If you need to schedule meetings with people on campus, consider using Microsoft Outlook’s “Meeting Request” feature versus “Doodle” or other meeting management systems. Watch this video for a quick tutorial and let me know if you need any help.
Other “Digital Calendar and Meeting Request” tips include:
1. Keep Your Own Calendar Up To Date
As a Student Affairs / Higher Education professional, you should have access to a Microsoft Outlook calendar. It is very important that you keep this up to date with all your formal (meetings, programs, events) AND informal (work time, meals, closed doors, etc) appointments. Many folks forget to block off time for informal tasks, but one must do this to ensure the most accurate reflection of your free time.
2. Make Your Calendar Public
Setting up your calendar in Microsoft Outlook 2007, Outlook 2010 is easy and necessary. By doing this, it helps others who need to include you in meetings to see when you are available without having to ask you, and since this is your work calendar, the information should be readily available. Follow the links to find out how to set it up for your version of outlook.
3. Meetings with Off Campus Folks? Use Timebridge!
Sometimes we get the opportunity to work on committees or groups outside our campus, and when we do, scheduling can be a difficult challenge. As a meeting organizer, here is what I would recommend:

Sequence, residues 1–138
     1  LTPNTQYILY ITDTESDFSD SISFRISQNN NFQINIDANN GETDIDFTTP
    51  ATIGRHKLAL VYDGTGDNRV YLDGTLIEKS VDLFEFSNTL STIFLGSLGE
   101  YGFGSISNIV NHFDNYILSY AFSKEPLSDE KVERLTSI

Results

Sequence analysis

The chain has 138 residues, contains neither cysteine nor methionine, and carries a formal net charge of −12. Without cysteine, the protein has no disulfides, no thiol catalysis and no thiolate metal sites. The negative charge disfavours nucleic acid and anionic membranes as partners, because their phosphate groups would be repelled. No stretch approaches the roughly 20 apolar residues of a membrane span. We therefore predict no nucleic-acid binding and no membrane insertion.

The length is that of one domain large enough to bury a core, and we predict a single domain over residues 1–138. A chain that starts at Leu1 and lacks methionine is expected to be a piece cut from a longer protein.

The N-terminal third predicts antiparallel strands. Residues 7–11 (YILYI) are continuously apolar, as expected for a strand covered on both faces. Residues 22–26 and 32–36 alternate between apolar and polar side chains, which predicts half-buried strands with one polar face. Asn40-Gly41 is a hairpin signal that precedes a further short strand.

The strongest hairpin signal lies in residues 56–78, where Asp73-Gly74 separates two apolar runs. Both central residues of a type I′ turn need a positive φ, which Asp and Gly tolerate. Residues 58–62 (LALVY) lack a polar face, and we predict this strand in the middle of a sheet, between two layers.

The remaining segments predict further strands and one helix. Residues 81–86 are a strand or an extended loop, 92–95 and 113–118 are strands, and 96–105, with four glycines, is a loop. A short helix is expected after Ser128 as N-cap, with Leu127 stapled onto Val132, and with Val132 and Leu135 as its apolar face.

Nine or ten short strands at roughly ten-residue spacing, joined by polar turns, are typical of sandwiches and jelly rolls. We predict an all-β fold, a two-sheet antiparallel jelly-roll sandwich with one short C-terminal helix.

Sync Your Calendar with Timebridge
Timebridge is a great tool. As they tout on their site: “TimeBridge is a web application that makes it incredibly easy to schedule and lead great meetings—and follow up after you meet. Think of us as your calendar-wrangling, agenda-making, note-taking, team-motivating, secret weapon in the battle against workplace inefficiency.”
Whether you use Outlook or Google, you can sync your calendar with Timebridge, share it with others, and have folks propose meetings time to you that will automatically input them into your calendar once you accept it. Encourage those outside your university that you meet with regularly to connect their calendar to Timebridge so you can find meeting times much easier.
4. Export Calendar Files to Share Over Email
An advanced tip I would add is the ability to share a calendar appointment over email with a colleague so it automatically adds it to your calendar. There are two ways to do this. First, assuming you created the appointment as a Meeting Request, you can simply add the person as an invitee and it will email it out (whether they are on your campus or not!) The other way would be to go to your calendar, right-click the appointment and export it as an .ical file. Attach it in an email and send it along. Once the recipient opens it, it should add it to that user’s default calendar.
We need to do a better job at using technology to help increase our efficiency, not create more inadvertent work for those involved. Please encourage others to watch and learn as well. The more folks do this, the easier it will become!